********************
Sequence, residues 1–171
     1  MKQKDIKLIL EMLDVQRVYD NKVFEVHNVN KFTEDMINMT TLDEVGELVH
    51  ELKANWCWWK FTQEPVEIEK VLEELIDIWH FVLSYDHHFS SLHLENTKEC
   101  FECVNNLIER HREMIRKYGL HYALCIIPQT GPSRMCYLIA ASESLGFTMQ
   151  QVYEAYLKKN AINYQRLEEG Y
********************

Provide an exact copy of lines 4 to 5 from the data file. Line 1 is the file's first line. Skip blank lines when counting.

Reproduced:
   101  FECVNNLIER HREMIRKYGL HYALCIIPQT GPSRMCYLIA ASESLGFTMQ
   151  QVYEAYLKKN AINYQRLEEG Y